The thing is people were saying the same things about Borg in his prime, like how is is possible for him to generate so much spin, etc(I have a TIME magazine article where they actually breakdown his shots). His opponents talked about how exhausting it was to constantly have to return his high bouncing topsin shots. And I've seen him pull of some crazy shots on the run, off some extemely low bouncing balls. Just ask McEnroe.
I think Borg was farther ahead of his peers in generating spin than Nadal is from his. If Borg could be so far ahead of everyone else in his time, not sure why he wouldn't be able to stand out in another time.

mileslong
06-08-2007, 02:25 PM
If he were around today he would be Nadal, but perhaps better on grass.oh you only think borg is perhaps better than nadal on grass? lmao

djsiva
06-08-2007, 03:17 PM
I still use Jack Kramer and Dunlop Forts. You can hit just as much spin. Pros can adapt to wood pretty easily. Even though rackets these days have 110+ square inches, pros consisently hit within a dime on the racquet bed for every shot. Watch some Vilas and Borg. And they could even hit more spin if they wanted too.

People weren't using as much extreme topspin back then because coaches and teachers and analysts said it was impractical. So we had to wait for those old guys to be proven wrong. Just like ten years ago every TV commentator would say swing volleys had no place in pro tennis. Now everyone swings at volleys. And believe me I can hit swinging volleys too with a 65 square inch 35 year old racket. Playing with wood seems impossible, but really if you have good fundamentals even with western grips its not a problem at all. I recently beat a top 30 nationally ranked boys 16 year old with a Jack Kramer. And I'm 37.

Andres
06-08-2007, 03:38 PM
I saw Gaudio & Nalbandian play with woodies in an exo last year, & it wasn't pretty. They completely wiffed a few times
Did you actually SEE it? It was an exo in the Luna Park (indoor hardcourts) vs. Vilas & Clerc, if I recall correctly, and I was lucky to see it on TV!!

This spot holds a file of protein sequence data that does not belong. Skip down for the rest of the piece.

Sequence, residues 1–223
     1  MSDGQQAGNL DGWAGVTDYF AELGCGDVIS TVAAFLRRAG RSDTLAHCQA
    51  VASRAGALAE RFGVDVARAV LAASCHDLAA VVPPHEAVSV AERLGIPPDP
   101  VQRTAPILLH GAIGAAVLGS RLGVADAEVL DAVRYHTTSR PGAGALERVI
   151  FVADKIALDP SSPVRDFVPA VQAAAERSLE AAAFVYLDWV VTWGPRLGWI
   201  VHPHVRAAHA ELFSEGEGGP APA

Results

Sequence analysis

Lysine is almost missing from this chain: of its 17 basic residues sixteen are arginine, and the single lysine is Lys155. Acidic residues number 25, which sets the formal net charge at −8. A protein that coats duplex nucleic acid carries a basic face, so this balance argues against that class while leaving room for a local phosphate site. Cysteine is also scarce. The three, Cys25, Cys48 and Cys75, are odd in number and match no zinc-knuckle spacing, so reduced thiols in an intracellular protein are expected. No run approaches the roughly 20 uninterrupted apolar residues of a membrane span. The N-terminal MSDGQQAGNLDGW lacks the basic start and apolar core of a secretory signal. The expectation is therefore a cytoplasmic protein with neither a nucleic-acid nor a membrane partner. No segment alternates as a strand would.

Is it on Youtube?

edberg505
06-08-2007, 04:02 PM
I still use Jack Kramer and Dunlop Forts. You can hit just as much spin.


Prove it. I'd like to see a video of you hitting a tennis ball with a "Full Western" grip with a wood racquet. It's just one of those things I have to see to believe. I have no doubt that it can be done with an eastern, continental, heck probably even a semi western (as my friends and I can do it but not without hitting the frame 40 to 50 percent of the time). But a full? I'm not buying it.

djsiva
06-08-2007, 04:28 PM
As you can tell by my age I don't know the technicalities of using u tube,but I'll try my best. Really its not that difficult. If you hang around the nasdaq or french open or most tournaments some pros carry wood rackets like i use to 15 years ago in their bags. We use to pull them out and play for dinner with them.

The Gorilla
06-08-2007, 04:32 PM
Prove it. I'd like to see a video of you hitting a tennis ball with a "Full Western" grip with a wood racquet. It's just one of those things I have to see to believe. I have no doubt that it can be done with an eastern, continental, heck probably even a semi western (as my friends and I can do it but not without hitting the frame 40 to 50 percent of the time). But a full? I'm not buying it.

Bill Johnston
From Wikipedia, the free encyclopedia
Jump to: navigation, search